Of all the bloody bastards who could have been charged with interrogating me, they had to send in bloody Clark Kent. His sweat-glistened biceps covered in tattoos, his tall dark frame and dark hair filled the doorway and I stared at him in surprise.
He was more like Rambo in some ways, with all that sweat and muscle, but something about him was definitely Superman. I laughed inwardly, knowing how crazy it was to think about that since he didn’t obviously seem to care which one he was or how attractive he might be.
I wanted to ask him how a man like him could ever be in a place like this, but I didn’t. I didn’t know who he was, I didn’t know what type of man he was, nor did I know where the hell I was.
The way he stared scared the shit out of me.
I hadn’t had much contact with anyone since I’d been grabbed out of nowhere, thrust into the back of a van, blindfolded, gagged and tossed about like a sack of dirty laundry. Other than the hands I felt on my arms, legs and hair, his was one of the first faces I’d seen, and despite the fact that it was an attractive face, it was not welcome.
Nothing here was welcome. I had visited clients in places comparable to Newgate that were friendlier than this. It wasn’t necessarily dirty, but the air was so moist and thick that it was hard to get a deep breath, and I just knew that no matter what time of year it was, England just did not get this humid. I was afraid that I was somewhere else entirely.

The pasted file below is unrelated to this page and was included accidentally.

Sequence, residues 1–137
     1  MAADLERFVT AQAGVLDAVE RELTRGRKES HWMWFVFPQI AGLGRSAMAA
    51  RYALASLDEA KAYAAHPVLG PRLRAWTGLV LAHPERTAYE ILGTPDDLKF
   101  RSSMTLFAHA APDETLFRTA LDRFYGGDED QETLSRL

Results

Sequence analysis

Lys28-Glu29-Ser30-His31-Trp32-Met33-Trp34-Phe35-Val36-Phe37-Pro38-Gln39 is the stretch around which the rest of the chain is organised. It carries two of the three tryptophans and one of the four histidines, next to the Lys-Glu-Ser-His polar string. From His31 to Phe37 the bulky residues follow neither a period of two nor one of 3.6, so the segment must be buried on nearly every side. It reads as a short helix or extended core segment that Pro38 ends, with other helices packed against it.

I didn’t know where my brothers and father were, and I had been wearing the same underwear for three days straight. All in all, not a good week.
I had seen enough movies, read enough books to know I was in some type of holding cell, and that I would undoubtedly be questioned for something. What it was I had no freaking idea, but I wasn’t deaf, and that other asshole that came into this hall sure seemed excited about it all. I was going to sue once they figured out they took the wrong people.
I probably seemed calm to him, like I knew why I’d been brought here. My defense mechanism, a mechanism which had crept into my personality since my mother died when I was fourteen, was to pass every problem off like it was nothing. And even though I told them, screamed at them until I was bloody blue in the face that they had the wrong family, they didn’t listen.
I knew when it came to fear, my mind and my body worked independently of each other. I could feel that I was scared. I could feel it in my shaking fingers and my erratic, shaking breath but I held my head high, ready to tell them whatever it was they wanted to know, so we could get the bloody hell out of here. I couldn’t wait to get back home. I was so busy at work, and Mr. Lithgow was counting on me to help him through the tough times. He really needed that vacation.
I moved my jittery legs towards the door and out of the room before he made true on his threat to carry me. Making sure not to trip over the portal – my sore feet wouldn’t survive it – I stepped as gracefully as possible into the hallway and he grabbed my elbow, turning me down the concrete corridor. His grip was firm but not uncomfortable, and I was humbly aware that even with high-heels on, his towering presence dwarfed me.